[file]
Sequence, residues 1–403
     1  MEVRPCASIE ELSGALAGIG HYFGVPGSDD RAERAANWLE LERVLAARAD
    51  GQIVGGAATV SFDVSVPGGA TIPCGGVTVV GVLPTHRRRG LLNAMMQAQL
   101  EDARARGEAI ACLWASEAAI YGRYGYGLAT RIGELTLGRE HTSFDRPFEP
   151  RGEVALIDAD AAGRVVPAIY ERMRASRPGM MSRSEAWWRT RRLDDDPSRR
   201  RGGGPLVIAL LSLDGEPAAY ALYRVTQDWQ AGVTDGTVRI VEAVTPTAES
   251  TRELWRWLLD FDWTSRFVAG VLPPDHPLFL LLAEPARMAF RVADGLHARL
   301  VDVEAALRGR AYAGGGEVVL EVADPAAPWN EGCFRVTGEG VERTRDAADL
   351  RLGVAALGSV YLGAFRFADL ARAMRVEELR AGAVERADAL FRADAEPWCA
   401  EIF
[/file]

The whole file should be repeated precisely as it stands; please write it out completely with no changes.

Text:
Sequence, residues 1–403
     1  MEVRPCASIE ELSGALAGIG HYFGVPGSDD RAERAANWLE LERVLAARAD
    51  GQIVGGAATV SFDVSVPGGA TIPCGGVTVV GVLPTHRRRG LLNAMMQAQL
   101  EDARARGEAI ACLWASEAAI YGRYGYGLAT RIGELTLGRE HTSFDRPFEP
   151  RGEVALIDAD AAGRVVPAIY ERMRASRPGM MSRSEAWWRT RRLDDDPSRR
   201  RGGGPLVIAL LSLDGEPAAY ALYRVTQDWQ AGVTDGTVRI VEAVTPTAES
   251  TRELWRWLLD FDWTSRFVAG VLPPDHPLFL LLAEPARMAF RVADGLHARL
   301  VDVEAALRGR AYAGGGEVVL EVADPAAPWN EGCFRVTGEG VERTRDAADL
   351  RLGVAALGSV YLGAFRFADL ARAMRVEELR AGAVERADAL FRADAEPWCA
   401  EIF